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in nixing help. and adult son reportedly at risk for prosecution for his part in his father's business. >> concerns about general flynn? >> yes, yes! >> friday's revelation had nothing about multiple reports of flynn advocating for private nuclear power plants across the middle east. a plan backed by businesses flynn consulted for just weeks earlier. nor was a strange story of a republican operative who claimed he was talking to flynn in a hunt for clinton e-mails that included outreach to russians or flynn's alleged september 2016 business meeting with pro-russia congressman dana rohrabacher. with so many controversies on the table begs the question, why the slap on the wrist. >> there is many more stories that general flynn will have to tell. >> flynn's cooperation and an
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inside view of trump's rise to power is a message from mueller. your secrets are not safe. wow, you stack that up and it's like arresting al capone for y jaywalking. nick, possibly one of the most devastating charges that mueller has stayed away from, that he could always go back to, was the possible kidnapping of a turkish dissident. a kidnapping that would keep him and anybody else involved in that in jail for the rest of their lives. >> look to the added example here. the allegation is that he met with the former cia director, bunch of turkish business people, officials and talked about taking a man living in the poconos and putting him on a plane and taking him to turkey where presumably he would never
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hear from him ever again. >> right. >> and that was not even in the charges. it's so bizarre and wild, the range of things that flynn got up to that could get him in trouble that are not covered there. >> i saw lindsey graham. it makes me sad because i know lindsay. it looked like lindsey and other people were saying this is much ado about nothing. make mes me sad. carol, anybody that has a law degree -- even that doesn't have a law degree could look at those charges and the fact that it's only for lying to the fbi, the first second i saw that news break i was like ouch. that hurts. and it hurts because they have all of this -- oh, okay. oh, really, you're not going to completely cooperate? all right. let's bring the charge of kidnapping. we're also going to bring charges on the state level, too, so you're going to jail the rest of your life. >> you don't bring him up on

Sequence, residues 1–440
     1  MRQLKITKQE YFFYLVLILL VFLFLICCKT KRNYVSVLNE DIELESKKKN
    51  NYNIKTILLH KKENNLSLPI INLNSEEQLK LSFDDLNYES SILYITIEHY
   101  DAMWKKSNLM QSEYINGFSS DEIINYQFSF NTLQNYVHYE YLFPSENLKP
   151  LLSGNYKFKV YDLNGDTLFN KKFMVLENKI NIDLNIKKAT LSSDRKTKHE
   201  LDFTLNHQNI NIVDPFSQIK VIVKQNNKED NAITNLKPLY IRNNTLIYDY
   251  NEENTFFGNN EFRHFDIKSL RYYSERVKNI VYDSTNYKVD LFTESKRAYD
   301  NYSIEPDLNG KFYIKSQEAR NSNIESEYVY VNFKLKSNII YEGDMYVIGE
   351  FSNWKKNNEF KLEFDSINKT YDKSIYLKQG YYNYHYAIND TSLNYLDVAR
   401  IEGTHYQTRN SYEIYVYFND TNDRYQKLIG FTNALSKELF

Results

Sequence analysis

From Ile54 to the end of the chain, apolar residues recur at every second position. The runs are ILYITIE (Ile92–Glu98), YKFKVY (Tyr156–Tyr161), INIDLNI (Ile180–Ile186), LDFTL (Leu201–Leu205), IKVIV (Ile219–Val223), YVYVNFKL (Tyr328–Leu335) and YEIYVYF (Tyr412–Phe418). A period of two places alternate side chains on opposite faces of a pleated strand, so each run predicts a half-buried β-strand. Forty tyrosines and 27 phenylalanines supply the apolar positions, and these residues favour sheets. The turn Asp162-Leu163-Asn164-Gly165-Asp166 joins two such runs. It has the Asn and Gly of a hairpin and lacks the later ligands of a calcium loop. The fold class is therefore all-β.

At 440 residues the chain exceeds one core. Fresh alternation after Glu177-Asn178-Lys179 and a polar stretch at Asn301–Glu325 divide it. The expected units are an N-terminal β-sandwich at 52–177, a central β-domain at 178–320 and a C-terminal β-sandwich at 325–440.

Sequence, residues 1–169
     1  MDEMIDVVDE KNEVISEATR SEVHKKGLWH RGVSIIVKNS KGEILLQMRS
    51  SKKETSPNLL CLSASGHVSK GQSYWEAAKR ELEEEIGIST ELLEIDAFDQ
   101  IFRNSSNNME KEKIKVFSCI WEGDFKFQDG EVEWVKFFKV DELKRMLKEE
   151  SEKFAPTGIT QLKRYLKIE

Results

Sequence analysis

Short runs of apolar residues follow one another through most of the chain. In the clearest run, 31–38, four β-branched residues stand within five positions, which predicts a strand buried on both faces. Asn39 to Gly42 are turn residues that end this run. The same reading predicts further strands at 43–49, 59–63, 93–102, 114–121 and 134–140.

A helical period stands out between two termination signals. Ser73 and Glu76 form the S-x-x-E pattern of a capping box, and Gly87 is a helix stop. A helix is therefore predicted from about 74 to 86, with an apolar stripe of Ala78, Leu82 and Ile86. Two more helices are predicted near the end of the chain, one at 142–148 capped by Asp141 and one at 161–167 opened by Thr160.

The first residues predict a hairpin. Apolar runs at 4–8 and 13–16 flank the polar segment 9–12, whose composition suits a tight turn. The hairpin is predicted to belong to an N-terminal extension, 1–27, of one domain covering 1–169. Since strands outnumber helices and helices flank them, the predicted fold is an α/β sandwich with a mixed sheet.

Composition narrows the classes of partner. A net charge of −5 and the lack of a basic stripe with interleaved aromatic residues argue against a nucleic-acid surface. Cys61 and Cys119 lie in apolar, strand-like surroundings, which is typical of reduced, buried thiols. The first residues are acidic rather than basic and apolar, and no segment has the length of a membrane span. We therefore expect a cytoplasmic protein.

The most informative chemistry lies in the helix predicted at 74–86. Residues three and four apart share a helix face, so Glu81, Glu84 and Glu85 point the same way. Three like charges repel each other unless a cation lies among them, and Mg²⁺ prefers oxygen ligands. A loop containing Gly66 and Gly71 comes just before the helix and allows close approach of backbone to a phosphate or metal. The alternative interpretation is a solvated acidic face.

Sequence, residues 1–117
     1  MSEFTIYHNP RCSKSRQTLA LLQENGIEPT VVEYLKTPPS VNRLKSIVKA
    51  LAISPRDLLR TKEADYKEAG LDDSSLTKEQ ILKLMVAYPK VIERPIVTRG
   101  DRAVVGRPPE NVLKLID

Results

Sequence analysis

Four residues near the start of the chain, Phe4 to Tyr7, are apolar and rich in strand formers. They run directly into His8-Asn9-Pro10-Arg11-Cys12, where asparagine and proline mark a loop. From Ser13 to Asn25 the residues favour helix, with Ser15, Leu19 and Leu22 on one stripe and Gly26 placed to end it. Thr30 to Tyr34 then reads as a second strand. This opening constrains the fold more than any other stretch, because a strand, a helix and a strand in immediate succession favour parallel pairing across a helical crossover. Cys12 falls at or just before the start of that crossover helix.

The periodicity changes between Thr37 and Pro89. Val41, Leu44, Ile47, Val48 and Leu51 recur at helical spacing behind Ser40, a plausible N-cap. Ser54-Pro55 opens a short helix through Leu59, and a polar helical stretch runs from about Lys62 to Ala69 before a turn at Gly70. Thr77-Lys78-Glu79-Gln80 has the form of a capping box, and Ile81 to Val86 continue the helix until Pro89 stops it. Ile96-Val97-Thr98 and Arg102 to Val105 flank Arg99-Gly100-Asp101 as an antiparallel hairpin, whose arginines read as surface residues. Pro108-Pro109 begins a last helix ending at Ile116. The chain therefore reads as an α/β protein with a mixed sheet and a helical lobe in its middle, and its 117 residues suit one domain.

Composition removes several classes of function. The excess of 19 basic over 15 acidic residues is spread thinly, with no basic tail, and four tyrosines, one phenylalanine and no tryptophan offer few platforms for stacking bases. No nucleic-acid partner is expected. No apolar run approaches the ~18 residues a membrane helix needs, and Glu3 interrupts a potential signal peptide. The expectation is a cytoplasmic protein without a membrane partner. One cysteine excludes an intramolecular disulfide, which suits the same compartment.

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something so insignificant or small when you have all those other things you very artfully laid out, unless he has a big story to tell. and the only reason you flip someone is to get someone bigger. when you flip michael flynn there aren't that many people who are bigger. >> i heard somebody say you don't flip michael flynn to get hope hicks. >> no, you don't. >> you flip michael flynn to get -- well, on that pyramid either swrajared kushner, donal trump or both. >> or don junior. >> exactly. >> only people bigger are those folks. clearly, you know, there were a number of things that mueller could have brought on flynn that we know he's looking into. and that kt fact that he didn't, should make the trump people nervous. and we saw from trump's reactions on his tweets that perhaps he is nervous. >> there were congressmen i served with that went to jail for golfing in ireland and
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putting a statement in the congressional record. i just want people to understand when they say this is much about nothing. people get thrown in jail for things like that. getting tickets. forget the kidnapping. the plans for kidnapping. here you've got a guy that when he was in office was pursuing the possible building of nuclear plants across the -- that's not around the gulf of ireland. >> no. this is a full buffet of holy cow. >> full buffet of holy cow. >> he would be in charge of counterintelligence for the entire military. he would be the military's expert on how do you counter influence from foreign nations, how do you do counterintelligence? in this there is economic, military, all sorts of influence being levered against him with